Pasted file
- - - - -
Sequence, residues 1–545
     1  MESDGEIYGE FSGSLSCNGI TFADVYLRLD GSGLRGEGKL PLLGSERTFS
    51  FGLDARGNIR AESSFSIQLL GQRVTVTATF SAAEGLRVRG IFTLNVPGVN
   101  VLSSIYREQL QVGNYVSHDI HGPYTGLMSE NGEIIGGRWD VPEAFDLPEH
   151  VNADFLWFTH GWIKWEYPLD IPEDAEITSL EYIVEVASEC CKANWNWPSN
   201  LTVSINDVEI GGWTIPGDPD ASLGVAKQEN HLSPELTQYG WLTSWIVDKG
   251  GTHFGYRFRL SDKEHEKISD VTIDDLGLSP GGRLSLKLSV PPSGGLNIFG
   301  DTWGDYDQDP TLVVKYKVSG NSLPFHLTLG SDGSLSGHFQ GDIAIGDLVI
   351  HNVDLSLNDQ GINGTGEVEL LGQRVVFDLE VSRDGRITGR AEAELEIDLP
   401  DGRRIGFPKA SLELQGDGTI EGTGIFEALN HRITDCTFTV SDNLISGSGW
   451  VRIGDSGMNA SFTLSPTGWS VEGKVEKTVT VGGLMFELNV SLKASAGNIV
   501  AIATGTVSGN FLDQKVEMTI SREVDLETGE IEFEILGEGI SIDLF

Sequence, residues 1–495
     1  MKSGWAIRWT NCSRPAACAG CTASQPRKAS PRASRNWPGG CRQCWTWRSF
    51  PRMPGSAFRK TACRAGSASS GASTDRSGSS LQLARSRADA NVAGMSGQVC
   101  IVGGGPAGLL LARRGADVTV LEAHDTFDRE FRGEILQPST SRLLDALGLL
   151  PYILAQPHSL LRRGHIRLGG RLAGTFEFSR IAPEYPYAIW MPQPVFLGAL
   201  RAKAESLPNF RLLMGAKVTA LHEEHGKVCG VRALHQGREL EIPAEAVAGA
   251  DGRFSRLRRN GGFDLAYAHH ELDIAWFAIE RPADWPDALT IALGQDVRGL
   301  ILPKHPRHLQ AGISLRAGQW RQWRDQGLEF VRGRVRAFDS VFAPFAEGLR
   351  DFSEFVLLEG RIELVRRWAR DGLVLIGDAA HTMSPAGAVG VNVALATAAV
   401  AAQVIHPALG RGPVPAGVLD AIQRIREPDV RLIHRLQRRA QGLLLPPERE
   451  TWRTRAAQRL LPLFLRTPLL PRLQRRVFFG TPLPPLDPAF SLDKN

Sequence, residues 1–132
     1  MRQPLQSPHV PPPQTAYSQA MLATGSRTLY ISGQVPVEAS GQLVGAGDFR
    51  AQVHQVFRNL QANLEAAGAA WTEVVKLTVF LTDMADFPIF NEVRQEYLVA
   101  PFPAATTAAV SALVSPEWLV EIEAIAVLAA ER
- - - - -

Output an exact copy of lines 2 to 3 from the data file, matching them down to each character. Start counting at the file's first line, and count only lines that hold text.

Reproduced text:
     1  MESDGEIYGE FSGSLSCNGI TFADVYLRLD GSGLRGEGKL PLLGSERTFS
    51  FGLDARGNIR AESSFSIQLL GQRVTVTATF SAAEGLRVRG IFTLNVPGVN